Most sequels are time warps: It’s the audience that gets stuck in a loop, experiencing the same premise all over again. So it should come as no shock that Happy Death Day 2U finds a way to zap sorority girl Tree (Jessica Rothe) right back into the live-die-repeat cycle she escaped at the end of 2017’s horror-comedy sleeper Happy Death Day. Tree, naturally, is livid, and as she storms into the same morning campus routine she suffered through ad nauseam the last time around, her volcanic exasperation is funny, sure, but it also threatens to mirror our own. After all, didn’t the first film already push the déjà vu factor to its limit? We weren’t just constantly reliving the same plot points as its frozen-in-time main character. We were also stumbling once more through the Phil Connors redemption plan, watching a selfish person Groundhog Day herself into basic human decency. Maybe Tree’s screamed-to-the-heavens “Not again!” is the proper response to a sequel that’s pushing its luck by pushing the reset button on what was already sort of a rerun.
At first, it looks as though the movie might simply borrow a page from the slasher bible and pass the baton to a different protagonist. The film’s opening stretch is essentially a speed run of the original’s, except this time it’s comic-relief sidekick Ryan (Phi Vu) who finds himself stuck in time’s amber, being killed and instantly reborn just one day after his college roommate, Carter (Israel Broussard), helped Tree escape her own respawn purgatory. It’s not the most promising game plan, given how much of the first film’s marginal fun rested on Tree herself—and how much of a poor substitute Vu’s stoner-doofus routine makes for Rothe’s comic agony. It seems to promise more of the same, minus the charm.
Thing is, more of the same isn’t entirely what this new film offers. The happy surprise of Happy Death Day 2U is that it does find ways to tweak the formula of its predecessor, to break the cycle of franchise redundancy. As it turns out, Ryan’s the one responsible for these chronological record skips, for his own predicament and Tree’s. The culprit: a very 1980s weird science project, a machine called the Quantum Cooling Reactor. It seems safe to say that no one was asking this series to explain the mechanics of its magical gimmick. But in Happy Death Day 2U, returning writer-director Christopher Landon uses goofy time-travel mumbo jumbo not just to get his heroine back into cosmic limbo, but to alter the rules of her ordeal: The film’s twist is that while the day is the same, the world itself is…different. Her relationships have changed. So, too, has the identity of the baby-masked killer stalking her and her friends.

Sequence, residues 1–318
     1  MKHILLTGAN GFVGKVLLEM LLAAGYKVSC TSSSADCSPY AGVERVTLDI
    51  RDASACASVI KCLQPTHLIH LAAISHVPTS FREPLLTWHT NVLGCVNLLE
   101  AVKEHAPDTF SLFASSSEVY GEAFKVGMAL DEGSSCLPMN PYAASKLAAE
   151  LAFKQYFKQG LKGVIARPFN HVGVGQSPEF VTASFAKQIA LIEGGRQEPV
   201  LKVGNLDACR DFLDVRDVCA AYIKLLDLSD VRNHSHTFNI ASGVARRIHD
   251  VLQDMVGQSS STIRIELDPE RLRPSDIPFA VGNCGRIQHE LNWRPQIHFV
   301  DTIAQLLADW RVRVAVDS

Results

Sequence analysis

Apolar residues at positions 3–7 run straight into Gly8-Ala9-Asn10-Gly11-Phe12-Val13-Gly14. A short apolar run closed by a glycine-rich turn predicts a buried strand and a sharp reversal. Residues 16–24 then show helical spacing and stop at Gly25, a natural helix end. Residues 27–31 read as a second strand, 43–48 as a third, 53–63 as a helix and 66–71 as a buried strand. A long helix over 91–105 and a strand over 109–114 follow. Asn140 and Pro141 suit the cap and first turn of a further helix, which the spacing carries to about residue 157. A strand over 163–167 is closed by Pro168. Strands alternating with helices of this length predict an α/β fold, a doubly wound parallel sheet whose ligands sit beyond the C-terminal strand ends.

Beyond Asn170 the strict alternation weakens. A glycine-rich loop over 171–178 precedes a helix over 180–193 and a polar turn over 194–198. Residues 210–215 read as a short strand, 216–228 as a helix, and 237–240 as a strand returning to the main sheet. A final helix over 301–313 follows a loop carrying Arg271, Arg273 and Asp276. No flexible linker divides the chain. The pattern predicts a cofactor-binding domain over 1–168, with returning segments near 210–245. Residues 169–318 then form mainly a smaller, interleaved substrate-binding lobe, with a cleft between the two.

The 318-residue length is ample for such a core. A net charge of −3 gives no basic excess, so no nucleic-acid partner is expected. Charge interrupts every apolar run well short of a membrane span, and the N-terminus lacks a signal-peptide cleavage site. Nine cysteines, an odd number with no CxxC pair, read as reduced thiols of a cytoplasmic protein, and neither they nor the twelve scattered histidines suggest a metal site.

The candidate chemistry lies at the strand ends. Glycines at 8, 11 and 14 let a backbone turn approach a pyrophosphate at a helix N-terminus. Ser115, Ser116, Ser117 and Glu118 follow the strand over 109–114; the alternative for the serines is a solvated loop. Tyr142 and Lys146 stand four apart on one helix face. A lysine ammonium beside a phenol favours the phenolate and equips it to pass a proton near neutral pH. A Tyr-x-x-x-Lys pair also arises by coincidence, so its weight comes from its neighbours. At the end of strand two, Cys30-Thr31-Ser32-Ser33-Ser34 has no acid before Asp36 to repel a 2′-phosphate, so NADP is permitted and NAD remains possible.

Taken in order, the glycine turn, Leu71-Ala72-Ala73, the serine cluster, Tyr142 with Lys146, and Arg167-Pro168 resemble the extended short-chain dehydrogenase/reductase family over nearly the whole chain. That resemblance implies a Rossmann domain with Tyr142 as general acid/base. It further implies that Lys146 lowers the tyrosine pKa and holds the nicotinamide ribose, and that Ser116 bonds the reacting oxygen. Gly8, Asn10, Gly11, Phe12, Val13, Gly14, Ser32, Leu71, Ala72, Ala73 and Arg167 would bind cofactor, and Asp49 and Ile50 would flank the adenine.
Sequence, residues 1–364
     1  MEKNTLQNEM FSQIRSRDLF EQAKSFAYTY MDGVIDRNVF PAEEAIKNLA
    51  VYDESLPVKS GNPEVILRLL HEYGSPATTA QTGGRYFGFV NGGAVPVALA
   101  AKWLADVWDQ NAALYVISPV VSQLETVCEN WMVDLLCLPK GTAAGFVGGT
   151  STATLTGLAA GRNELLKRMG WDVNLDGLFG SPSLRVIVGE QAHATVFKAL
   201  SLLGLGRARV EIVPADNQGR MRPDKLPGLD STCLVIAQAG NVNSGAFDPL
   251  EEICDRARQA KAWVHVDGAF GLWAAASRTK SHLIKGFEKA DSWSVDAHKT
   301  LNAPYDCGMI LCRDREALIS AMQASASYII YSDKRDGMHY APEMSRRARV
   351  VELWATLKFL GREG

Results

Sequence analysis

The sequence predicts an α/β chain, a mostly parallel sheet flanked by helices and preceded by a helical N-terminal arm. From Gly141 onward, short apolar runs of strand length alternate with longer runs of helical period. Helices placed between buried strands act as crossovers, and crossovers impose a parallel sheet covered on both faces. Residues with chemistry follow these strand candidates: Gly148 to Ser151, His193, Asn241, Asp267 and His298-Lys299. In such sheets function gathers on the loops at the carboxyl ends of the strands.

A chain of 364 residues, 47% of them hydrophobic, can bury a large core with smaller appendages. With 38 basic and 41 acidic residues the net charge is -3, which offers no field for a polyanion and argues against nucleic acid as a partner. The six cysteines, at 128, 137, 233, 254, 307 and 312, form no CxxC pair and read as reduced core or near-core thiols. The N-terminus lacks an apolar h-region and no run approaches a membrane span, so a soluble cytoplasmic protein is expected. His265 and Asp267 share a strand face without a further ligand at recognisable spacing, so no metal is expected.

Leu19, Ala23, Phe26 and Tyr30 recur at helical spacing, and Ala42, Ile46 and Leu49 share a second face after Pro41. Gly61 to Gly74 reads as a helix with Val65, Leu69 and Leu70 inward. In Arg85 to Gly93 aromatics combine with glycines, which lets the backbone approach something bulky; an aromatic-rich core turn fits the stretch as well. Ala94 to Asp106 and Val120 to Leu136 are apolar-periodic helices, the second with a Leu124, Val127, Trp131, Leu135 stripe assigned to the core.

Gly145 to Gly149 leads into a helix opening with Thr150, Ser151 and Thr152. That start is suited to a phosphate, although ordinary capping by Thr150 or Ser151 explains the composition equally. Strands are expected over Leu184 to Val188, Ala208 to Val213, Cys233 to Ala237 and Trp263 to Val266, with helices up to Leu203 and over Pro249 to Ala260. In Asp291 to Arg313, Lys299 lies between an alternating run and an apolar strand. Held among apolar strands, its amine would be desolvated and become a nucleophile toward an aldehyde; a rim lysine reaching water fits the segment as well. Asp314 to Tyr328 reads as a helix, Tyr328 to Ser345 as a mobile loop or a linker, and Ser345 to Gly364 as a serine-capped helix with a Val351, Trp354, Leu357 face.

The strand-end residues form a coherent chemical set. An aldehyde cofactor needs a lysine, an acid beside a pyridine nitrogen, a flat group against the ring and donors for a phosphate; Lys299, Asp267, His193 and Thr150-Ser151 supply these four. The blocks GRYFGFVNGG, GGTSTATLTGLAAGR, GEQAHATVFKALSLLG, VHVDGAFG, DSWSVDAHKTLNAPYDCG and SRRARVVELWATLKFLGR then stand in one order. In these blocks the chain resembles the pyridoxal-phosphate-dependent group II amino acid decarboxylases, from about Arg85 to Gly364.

Last time around, it was Groundhog Day, naturally, that got self-consciously name-checked. Here, someone lampshades the convoluted fun with an apropos Back To The Future 2 reference. Fans of the first Happy Death Day might complain that the sequel loses some of the simple pleasure of the original, cluttering up its borrowed, enduring premise with too many literally loopy complications, the way Robert Zemeckis once chased a resonant sci-fi comedy with a less soulful, more complicated rollercoaster ride through multiple timelines. But Landon’s first film honestly could have used some complicating; it didn’t do nearly enough with its Scream-on-repeat conceit. The best thing about it, by leaps and bounds, was Rothe’s inspired comic performance—the multiple shades of frustration she brought to Tree’s existential crisis. Happy Death Day 2U smartly keeps the focus on its lead’s manic-neurotic energy: bellowing a gloating “Ha!” as the killer tumbles down a flight of stairs, or grinning like a lunatic during a slapstick variation on the Phil Connors suicide montage.
In many ways, this not-bad sequel feels more keyed to Rothe’s expressive shtick. Landon barely seems to be trying for horror anymore—probably the right move, given how little suspense he seems capable of wringing from the hide-and-seek murder scenes, most of which take place in the same few hallways of a curiously empty and boringly nondescript hospital. (For all this series borrows from Wes Craven, it could stand to take better notes on his mastery of tension and release.) Not that the comedy is more sophisticated: The addition of a disapproving dean (Steve Zissis) and a supporting posse of lab geeks spikes the genre blend with a new dose of broad Revenge Of The Nerds tomfoolery, which is basically subtraction by addition. Nonetheless, Happy Death Day 2U at least knows what it has in Rothe, the scream queen as delightful screwball star. And if a baldly sentimental tearjerker subplot actually lands, it’s because of the honest feeling the actor invests into Tree’s new moral dilemma. Putting this premise through another iteration would almost certainly be overkill, but when did a slasher franchise quit while it was ahead? With Rothe on board, it wouldn’t be so bad, doing the time warp yet again.